Gastrointestinal Problems

Gastrointestinal Problems

Screen for and manage GERD

Screen annually for GERD or when symptoms or signs are detected. Manage GERD. If introducing medications (eg, NSAIDs) that might aggravate GERD, monitor for onset of GERD symptoms.168

Strongly Recommended

Empirical Ecosystem Expert

Gastrointestinal problems are common among people with IDD and are manifested by food aversions, changes in behaviour, or weight loss.167-172

Assess for common issues

If unexplained weight, gastrointestinal, or behavioural changes are detected, assess for common issues (eg, constipation, GERD, peptic ulcer disease, celiac disease, and pica).169, 173-175

  Strongly Recommended

Empirical Ecosystem Expert

Gastrointestinal problems are common among people with IDD and are manifested by food aversions, changes in behaviour, or weight loss.167-172

Test for Helicobacter pylori infection

Test for Helicobacter pylori infection in symptomatic patients or asymptomatic patients who live or have lived in a group residence.178 Retest at regular intervals (eg, 3-5 y).179

  Recommended

Empirical Expert

People with IDD are at an increased risk of acquiring Helicobacter pylori infection if they have ever lived in group-living settings.176, 177

Ask about bowel movements

Ask about frequency and consistency of bowel movements regularly to detect constipation (eg, using the Bristol Stool Chart) and address reversible medical causes.173

  Recommended

Empirical Expert

People with IDD frequently experience constipation related to neurological dysfunction, lack of physical activity, a low-fibre diet, or medications with anticholinergic effects, which can lead to significant morbidity. Pain associated with constipation may present as distress, sleep disturbance, or behavioural changes including self-harm.169, 173, 180, 181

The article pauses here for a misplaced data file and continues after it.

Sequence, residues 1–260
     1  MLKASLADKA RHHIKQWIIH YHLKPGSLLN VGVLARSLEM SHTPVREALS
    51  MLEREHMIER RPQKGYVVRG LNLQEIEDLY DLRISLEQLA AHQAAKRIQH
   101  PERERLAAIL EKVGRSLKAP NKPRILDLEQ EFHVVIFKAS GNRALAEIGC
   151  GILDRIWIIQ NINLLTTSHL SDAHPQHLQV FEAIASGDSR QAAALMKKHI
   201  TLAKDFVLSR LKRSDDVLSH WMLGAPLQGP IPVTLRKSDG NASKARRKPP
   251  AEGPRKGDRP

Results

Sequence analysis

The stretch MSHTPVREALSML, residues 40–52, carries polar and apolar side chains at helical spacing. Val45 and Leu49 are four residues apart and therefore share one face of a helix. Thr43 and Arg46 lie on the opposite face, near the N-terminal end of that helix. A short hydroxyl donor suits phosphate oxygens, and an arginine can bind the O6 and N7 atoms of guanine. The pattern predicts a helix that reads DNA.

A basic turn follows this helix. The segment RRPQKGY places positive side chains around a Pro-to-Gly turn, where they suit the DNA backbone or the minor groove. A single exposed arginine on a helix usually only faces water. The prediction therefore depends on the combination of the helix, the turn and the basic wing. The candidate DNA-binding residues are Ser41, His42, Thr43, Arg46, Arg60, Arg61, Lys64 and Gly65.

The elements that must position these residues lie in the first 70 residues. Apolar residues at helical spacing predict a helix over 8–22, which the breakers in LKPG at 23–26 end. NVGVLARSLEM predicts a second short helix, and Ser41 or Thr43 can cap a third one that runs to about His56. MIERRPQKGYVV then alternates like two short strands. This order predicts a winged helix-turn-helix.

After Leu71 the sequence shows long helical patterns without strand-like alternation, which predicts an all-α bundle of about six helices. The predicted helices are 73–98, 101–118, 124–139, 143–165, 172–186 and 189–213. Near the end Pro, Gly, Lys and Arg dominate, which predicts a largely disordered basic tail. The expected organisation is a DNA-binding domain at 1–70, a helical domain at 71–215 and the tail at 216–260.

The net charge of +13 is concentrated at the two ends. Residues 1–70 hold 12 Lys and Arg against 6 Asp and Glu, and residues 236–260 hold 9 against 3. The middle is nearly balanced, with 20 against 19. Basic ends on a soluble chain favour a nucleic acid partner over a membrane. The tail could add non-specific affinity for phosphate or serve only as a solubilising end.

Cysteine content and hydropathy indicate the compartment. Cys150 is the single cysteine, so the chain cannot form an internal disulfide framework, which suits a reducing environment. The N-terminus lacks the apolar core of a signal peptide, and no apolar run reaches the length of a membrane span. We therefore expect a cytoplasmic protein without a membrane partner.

Use bowel monitoring charts

For patients with constipation or diarrhea, use a Bowel Movement Monitoring Chart 182 that patients and caregivers can complete.

  Recommended

Empirical Expert

People with IDD frequently experience constipation related to neurological dysfunction, lack of physical activity, a low-fibre diet, or medications with anticholinergic effects, which can lead to significant morbidity. Pain associated with constipation may present as distress, sleep disturbance, or behavioural changes including self-harm.169, 173, 180, 181

Bowel Movement Monitoring Chart

The Bowel Movement Monitoring Chart, developed by the Developmental Disabilities Primary Care Initiative at Surrey Place (Toronto, 2011), can be used to monitor bowel movement over time.

Bristol Stool Chart

The Bristol Stool Chart developed by Dr. Kenneth W Heaton and Dr. Stephen J Lewis (1997) provides a descriptive classification of stool consistency. Available at the Registered Nurses’ Association of Ontario website.

167. Atay O. Chapter 100: Gastrointestinal issues. In: Rubin IL, Merrick J, Greydanus DE, Patel DR, editors. Health care for people with intellectual and developmental disabilities across the lifespan. Rubin and Crocker 3rd ed. Springer; 2016. p. 1209-24.